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High court  vacates stay, Metro 3 work to restart in front of heritage building in south Mumbai

Bombay HC made the decision after JN Petit Institute’s counsel said Mumbai Metro Rail Corporation had taken measures to protect building

mumbai Updated: Nov 30, 2017 12:21 IST
Kanchan Chaudhari
Kanchan Chaudhari
Hindustan Times
Metro-3,MMRCL,Bombay high court
The court had earlier restrained MMRC from carrying out work in front of JN Petit building, Fort, after its counsel said severe shocks were felt inside the institute, owing to the construction.(HT File)

The Bombay high court vacated the stay on Metro-3 construction work opposite the iconic JN Petit Institute in Fort on Wednesday.

A division bench of chief justice Manjula Chellur and justice Mahesh Sonak made the decision after the institute’s counsel, advocate Ferzana Behramkamdin, said the Mumbai Metro Rail Corporation Limited (MMRCL) had undertaken measures to safeguard the heritage building.

MMRCL’s lawyer, Kiran Bagalia, requested the court to vacate the stay it had imposed on September 15. She also requested that a petition filed by two of the institute’s trustees, enabling them to approach the court if needed, be disposed of as almost all their pleas had been worked out.

The bench granted the MMRCL permission to carry on construction work in front of the building, but refused to dispose of the petition.

The court had earlier restrained MMRCL from carrying out work in front of the building after Behramkamdin said that severe shocks were felt inside the institute, owing to the construction. She had urged the court to put a stop to excavation in the vicinity till an expert committee examined the structure and submitted a report.

The petitioners said the grade-2A heritage structure was constructed in 1893 and has a shallow foundation — barely three-metre deep — which renders it vulnerable. The institute houses more than a lakh books, including 24,000 rare books and 12 manuscripts, some of which date back to the 17th century.

The petitioners said that after drilling for Metro-3 began along DN Road in May, an ornamental feature of the building collapsed and garden tiles sunk. They said they were worried that the drilling and construction for the Metro Line-3 would affect the building’s structural stability.

Delhi Metro Rail Corporation calls for bids for Metro-6 corridor

Plans to improve the city’s east-west connectivity have just got a boost — the Delhi Metro Rail Corporation (DMRC) has started work on the Metro-6 corridor (Swami Samarth Nagar-Jogeshwari-Kanjurmarg).

The agency has invited bids for the construction of three stations — IIT-Powai, Vikhroli and Kanjurmarg — and a 4.7-km-long viaduct. The move comes a month after the state cabinet approved the plan for the Metro-5 (Thane-Bhiwandi-Kalyan) and Metro-6.

“The work can begin in May 2018,” said Pravin Darade, additional metropolitan commissioner, MMRDA. DMRC officials estimate that work on this section will cost Rs339.27 crore and will be completed in two-and-a-half years.

The Metro-6 will be the second and only Metro line to improve connectivity between the city’s eastern and western suburbs. The only other such line is the Metro-1, which operates between Ghatkopar and Versova. Most of the proposed Metro lines run along the city’s north-south axis.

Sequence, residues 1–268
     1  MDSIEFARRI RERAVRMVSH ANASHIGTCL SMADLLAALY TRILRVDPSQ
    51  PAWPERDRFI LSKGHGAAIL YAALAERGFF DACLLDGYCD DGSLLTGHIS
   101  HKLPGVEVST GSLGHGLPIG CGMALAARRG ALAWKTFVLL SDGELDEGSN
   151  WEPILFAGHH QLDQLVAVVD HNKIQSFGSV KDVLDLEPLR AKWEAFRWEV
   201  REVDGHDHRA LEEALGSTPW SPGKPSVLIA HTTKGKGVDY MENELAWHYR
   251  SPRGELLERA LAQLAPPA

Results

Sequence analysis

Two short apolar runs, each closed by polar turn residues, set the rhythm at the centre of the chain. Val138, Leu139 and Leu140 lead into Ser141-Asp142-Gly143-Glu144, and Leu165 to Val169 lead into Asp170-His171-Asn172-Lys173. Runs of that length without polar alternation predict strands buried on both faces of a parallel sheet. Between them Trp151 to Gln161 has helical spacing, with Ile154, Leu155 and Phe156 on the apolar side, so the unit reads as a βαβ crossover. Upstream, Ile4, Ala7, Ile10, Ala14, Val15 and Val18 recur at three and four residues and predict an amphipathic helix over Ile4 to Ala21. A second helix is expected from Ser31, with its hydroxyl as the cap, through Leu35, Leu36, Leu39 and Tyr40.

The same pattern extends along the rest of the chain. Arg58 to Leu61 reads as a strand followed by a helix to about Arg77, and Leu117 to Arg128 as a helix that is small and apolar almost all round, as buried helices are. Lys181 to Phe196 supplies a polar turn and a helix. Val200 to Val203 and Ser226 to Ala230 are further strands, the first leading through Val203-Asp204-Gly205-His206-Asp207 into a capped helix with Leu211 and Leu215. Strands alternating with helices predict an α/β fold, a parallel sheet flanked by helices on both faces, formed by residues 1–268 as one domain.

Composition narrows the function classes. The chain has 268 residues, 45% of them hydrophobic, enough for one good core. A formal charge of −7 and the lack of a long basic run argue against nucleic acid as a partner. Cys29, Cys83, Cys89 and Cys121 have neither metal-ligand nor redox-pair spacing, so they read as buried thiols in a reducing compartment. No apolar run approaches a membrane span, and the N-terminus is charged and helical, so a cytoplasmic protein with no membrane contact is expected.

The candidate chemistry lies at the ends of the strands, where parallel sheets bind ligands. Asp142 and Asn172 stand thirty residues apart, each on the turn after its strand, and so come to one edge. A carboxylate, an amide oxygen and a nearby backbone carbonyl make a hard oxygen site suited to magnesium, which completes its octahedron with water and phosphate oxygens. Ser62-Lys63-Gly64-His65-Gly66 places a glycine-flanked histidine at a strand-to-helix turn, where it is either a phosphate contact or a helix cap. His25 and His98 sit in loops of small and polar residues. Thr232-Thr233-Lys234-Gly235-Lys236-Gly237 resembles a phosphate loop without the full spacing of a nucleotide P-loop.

Road wise, the eastern and western suburbs are connected by the Jogeshwari Vikhroli Link Road (JVLR), Santacruz Chembur Link Road and the Andheri-Ghatkopar Link Road, all three of which are congested during peak hours.

The DMRC will execute the Metro-6 project on behalf of the Mumbai Metropolitan Regional Development Authority (MMRDA). It is currently implementing the 2A line (Dahisar to DN Nagar).

Metro-6 will run along JVLR, with 13 stations along the 14.5-km-long route. The line will also connect to the Metro-2A (Dahisar-DN Nagar), Metro-4 (Wadala-Kasarvadavali) and Metro-7 (Andheri East-Dahisar East).

Navi Mumbai Metro to be functional by December 2018

The much-delayed Rs4,000 crore Navi Mumbai Metro could finally be operational by December 2018. City and Industrial Development Corporation (Cidco) officials said work was progressing according to the revised schedule. They added that since they had acquired all the permissions and secured the cooperation of agencies, they were confident of meeting the new target.

The 21.45-km-long Metro corridor has been divided into three phases — Belapur-Pendhar (11.10 km), Khandeshwar-Taloja (8.35 km) and the MIDC route that will connect the two corridors (2.2 km). It will provide connectivity to the proposed Navi Mumbai International Airport.

“Cidco initiated the project, meant to boost the city’s transport facilities, in 2011. The Belapur-to-Pendhar line is the first of three we are working on,” said senior public relations officer Mohan Ninawe.

Work has been divided into four parts — viaduct, stations, depot and systems. Ninawe said 95% of the viaduct work had been completed. “Work on the Taloja depot has been completed and the diesel locomotive engine that arrived has been kept there,” he added.

More than Rs120 crore has been spent on completing 94% of the Metro depot.In January, BEML Limited, Bangalore delivered the catenary maintenance vehicle. These will be used once the signalling and telecommunication work begins,” said Ninawe. “Once the work on the line 1 is completed, we will start work on line 3 — the Taloja-to-MIDC link. Following this, construction of the Khandeshwar link will be initiated,” he said.

Officials said they want work on the Metro to be completed by the time the Navi Mumbai International Airport is constructed.Ninawe said the project was delayed as work had to be allotted through two tenders, owing to technical reasons. “We had call in new agencies to complete the work,” he said.

First Published: Nov 30, 2017 12:21 IST